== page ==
NOW ON TUBI! Grab a six-pack of Shiner Bock and a Joe Ely western shirt as we head to Texas for writer/director Timothy Stevens’ well-constructed sci-fi thriller The Ghost Lights. Journalist Alex (Katreeva Phillips) arrives in Dallas for her father’s funeral, only to be informed by sister Liz (Madison Calhoun) that she is too late. Alex collects some cassettes from 1978 of her father, Arthur (John Francis McCullagh), in Terlingua, interviewing Mario (Billy Blair) about mysterious lights in the sky.
The tapes reveal that people have disappeared whenever the lights are seen. Alex decides to chase the story, as her mean old editor, Brian (Ryan Bijan), is breathing down her neck (been there, sister). However, she starts noticing a man in black (Timothy Stevens) following her. The closer Alex gets to the truth, the more she is pursued across Texas. What is the mystery behind the lights in the darkness way out west, and what forces are trying to keep it quiet?
“…the mystery behind the lights in the darkness way out west…”
McCullagh’s performance nails the style of the folks who do this perfectly, right down to the exaggerated self-importance and floppy hat. It may seem a little broad to the uninitiated, but if you have ever met one of these guys, you know the actor is actually holding back. Blair plays the part of the tired local to the hilt, bringing utter realism to the role. Phillips has the Cosmic Cowgirl stance down. She is saddled with the task of carrying most of the movie alone on the screen. Good thing Phillips has enough talent to carry it with one hand above her head, Breakfast in America-wise. It is fitting that Stevens plays the man in black, as he inadvertently brings a vibe of a Devo video to his scenes that add another jolt among many.
What really wows me about The Ghost Lights is how it wears its low budget with pride. At no time does it try to hide the financial depravity that dictates its structure. It is almost like a comic book with all the drawings being stick figures. However, you can still do a bad-a*s stick figure story if you have the right instincts, and Stevens has them. He makes all the right moves with the spare resources, getting you hooked on Alex with instant sympathy. The director then keeps the tension of the mystery up between the flashbacks and chases, holding and switching at the perfect times. This kind of work is part of the pay-off of reviewing movies in the indie sphere.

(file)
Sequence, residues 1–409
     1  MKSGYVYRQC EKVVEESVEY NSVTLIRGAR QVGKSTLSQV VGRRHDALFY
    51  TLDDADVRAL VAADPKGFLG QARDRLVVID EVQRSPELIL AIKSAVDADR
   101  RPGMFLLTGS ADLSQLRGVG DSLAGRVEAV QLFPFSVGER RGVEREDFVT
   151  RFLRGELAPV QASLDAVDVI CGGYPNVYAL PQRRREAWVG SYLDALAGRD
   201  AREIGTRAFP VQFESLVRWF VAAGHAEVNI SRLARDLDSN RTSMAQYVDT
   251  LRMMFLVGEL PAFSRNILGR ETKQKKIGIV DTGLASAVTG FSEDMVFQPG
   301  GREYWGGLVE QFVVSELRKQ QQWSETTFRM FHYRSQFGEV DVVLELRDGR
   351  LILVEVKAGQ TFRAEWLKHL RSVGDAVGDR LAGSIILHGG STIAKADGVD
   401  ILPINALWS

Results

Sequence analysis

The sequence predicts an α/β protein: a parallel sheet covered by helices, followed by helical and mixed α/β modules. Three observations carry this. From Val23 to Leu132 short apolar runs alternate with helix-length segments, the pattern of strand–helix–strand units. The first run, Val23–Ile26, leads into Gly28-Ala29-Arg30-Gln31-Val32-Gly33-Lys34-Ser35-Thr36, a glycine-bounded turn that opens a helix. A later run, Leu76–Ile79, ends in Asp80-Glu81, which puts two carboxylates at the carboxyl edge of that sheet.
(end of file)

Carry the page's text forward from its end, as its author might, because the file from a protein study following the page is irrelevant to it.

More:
Texas is rich with its own distinct culture that is ripe for cinematic harvesting. And it doesn’t get much more Texas than sitting in a cantina in Terlingua over a beer and a smoke, talking lights in the sky. As such, I love seeing production value being added out of nothing but the good ideas of the filmmaker and his cast and crew. What Stevens, who also shot and edited the movie, pulls off here is similar to the feat Ulmer achieved with Detour, making a big something out of a whole lot of nothing. He also makes the wise choice not to overuse the VFX, keeping it exciting. The Ghost Lights is a fine example of the weird wonders that are shooting into the night sky in Texas.
"…wears its low budget with pride."